The 22nd November is the anniversary of the assassination of John F Kennedy; one of the most shocking events of the twentieth century. It’s something I’ve been interested in ever since I was a boy and I’ve collected many books about the subject.
I’m still fascinated by the mystery: Did Lee Oswald shoot the President? Did he act alone? Why did Jack Ruby shoot Oswald? Was the CIA involved? Very few of those questions will ever be answered but it’s clear that the findings of the Warren Commission, the investigative body set up by President Lyndon Johnson are not definitive. Indeed the senate investigation in the 1970’s concluded that the President was assassinated ‘probably’ by a conspiracy. Even so, no attempts to investigate further or take action have been made. If you want to find out more, what should you read? Well, there are numerous books on the subject you might try but here below are three key and classic books you need to read:
Rush To Judgement by Mark Lane
This was one of the first books to take a critical look at the Warren Commission report and say, ‘hang on, some things don’t add up here!’ Lane deals with a lot of the minutiae of the assassination and Lee Harvey Oswald’s activities.
One interesting element to me was the murder weapon; the Mannlicher-Carcano rifle bought through mail order and sent to a post office box that Oswald rented under a false name. The gun was oily. The scope on the gun was not aligned properly, in fact the FBI found that it could not be aligned at all and had to add metal shims in order to align the scope, meaning that it was test fired by the FBI in a condition that was not available to Oswald!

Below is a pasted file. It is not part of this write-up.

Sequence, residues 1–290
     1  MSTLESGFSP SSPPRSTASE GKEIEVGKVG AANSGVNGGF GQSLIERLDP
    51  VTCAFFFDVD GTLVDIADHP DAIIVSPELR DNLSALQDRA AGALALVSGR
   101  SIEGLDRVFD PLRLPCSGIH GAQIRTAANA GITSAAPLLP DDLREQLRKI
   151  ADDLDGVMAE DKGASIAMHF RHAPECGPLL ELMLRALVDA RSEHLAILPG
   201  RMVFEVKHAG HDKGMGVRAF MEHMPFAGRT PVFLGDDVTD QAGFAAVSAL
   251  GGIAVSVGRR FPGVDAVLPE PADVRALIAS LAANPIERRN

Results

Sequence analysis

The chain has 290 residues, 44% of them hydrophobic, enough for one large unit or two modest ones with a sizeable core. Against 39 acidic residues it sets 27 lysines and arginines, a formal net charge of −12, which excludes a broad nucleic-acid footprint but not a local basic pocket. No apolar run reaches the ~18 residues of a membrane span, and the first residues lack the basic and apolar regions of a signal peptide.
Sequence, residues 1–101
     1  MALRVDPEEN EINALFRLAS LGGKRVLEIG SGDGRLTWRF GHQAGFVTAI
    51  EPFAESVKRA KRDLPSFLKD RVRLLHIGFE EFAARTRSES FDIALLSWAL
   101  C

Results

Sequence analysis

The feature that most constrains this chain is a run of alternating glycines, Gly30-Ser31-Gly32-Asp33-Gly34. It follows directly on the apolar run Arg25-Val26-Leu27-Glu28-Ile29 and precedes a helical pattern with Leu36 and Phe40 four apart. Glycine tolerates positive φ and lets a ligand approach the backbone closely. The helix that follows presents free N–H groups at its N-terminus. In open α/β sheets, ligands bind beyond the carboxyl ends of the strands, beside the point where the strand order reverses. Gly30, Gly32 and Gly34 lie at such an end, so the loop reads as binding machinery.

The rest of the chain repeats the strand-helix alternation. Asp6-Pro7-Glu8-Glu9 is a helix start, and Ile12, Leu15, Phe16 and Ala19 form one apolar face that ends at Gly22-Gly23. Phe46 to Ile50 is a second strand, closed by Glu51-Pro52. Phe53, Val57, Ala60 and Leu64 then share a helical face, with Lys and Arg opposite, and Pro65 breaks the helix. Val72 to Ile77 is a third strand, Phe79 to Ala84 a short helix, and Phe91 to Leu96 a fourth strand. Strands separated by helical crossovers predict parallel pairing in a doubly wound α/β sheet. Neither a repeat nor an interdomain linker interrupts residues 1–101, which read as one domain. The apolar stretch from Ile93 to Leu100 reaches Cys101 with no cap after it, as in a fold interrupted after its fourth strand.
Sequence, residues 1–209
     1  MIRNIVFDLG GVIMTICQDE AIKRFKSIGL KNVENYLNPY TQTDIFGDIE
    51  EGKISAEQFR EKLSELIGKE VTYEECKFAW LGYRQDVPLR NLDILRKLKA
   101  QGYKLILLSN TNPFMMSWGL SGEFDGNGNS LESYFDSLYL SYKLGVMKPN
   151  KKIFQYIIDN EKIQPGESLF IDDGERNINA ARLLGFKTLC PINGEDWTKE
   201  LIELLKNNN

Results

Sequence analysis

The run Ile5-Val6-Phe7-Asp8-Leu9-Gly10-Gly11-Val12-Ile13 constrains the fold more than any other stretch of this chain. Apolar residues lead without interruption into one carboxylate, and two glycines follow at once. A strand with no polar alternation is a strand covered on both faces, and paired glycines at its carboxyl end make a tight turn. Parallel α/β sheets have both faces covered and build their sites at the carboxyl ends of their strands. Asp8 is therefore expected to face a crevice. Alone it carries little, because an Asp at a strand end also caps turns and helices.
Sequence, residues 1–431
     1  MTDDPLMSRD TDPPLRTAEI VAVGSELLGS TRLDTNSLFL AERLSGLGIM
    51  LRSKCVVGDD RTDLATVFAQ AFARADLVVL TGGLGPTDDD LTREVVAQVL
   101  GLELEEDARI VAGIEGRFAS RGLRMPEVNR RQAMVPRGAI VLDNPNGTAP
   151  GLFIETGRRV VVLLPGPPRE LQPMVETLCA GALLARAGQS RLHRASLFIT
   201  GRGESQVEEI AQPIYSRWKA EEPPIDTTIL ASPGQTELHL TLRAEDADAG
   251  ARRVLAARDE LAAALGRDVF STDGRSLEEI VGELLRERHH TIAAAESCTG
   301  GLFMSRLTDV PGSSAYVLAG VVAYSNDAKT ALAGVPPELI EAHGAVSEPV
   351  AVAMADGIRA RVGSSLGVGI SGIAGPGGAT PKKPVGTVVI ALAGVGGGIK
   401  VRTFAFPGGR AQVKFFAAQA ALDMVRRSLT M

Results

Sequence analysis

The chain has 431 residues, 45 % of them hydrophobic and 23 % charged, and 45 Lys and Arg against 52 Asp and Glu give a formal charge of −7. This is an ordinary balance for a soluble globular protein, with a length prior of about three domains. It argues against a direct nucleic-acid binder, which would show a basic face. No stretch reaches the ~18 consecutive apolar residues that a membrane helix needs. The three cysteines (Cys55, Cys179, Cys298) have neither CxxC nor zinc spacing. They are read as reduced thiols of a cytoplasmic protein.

The first officer to find the rifle even signed an affidavit that the rifle was a Mauser and not a Mannlicher-Carcano! Quite a mistake for an American police officer who would surely be familiar with firearms.
Six seconds in Dallas by Josiah Thompson
Thompson argued in favour of a conspiracy by analysing the Zapruder film of the assassination. In the film shot by local businessman Abraham Zapruder the last two shots come close together, meaning that one of them could not have come from Oswald’s rifle because it took 1.7 seconds to eject the used cartridge and make ready to fire again. This clearly occurred to the people in the Warren Commission as one of its members (Arlen Specter, a lawyer not a forensic expert) put forward the so called ‘single bullet theory’ which argued that a single bullet hit President Kennedy in the back, exited his throat and then struck Governor Connelly who was sitting ahead of Kennedy in the Presidential limousine.
This bullet was found on a stretcher in almost pristine condition which many commentators have asserted means it could not have passed through two bodies and inflicted so much damage.
In 1979 the Select Committee on Assassinations heard evidence of tests that showed the firing could have taken place in only 1.66 seconds per shot. Oswald’s original rifle however, was in too poor a condition to be used for the tests and another was substituted. Even so, none of the test shooters were able to replicate Oswald’s marksmanship despite Oswald being at best only a reasonable shot. An interesting, readable and thoughtful book but rather rare.
Best Evidence by David Lifton.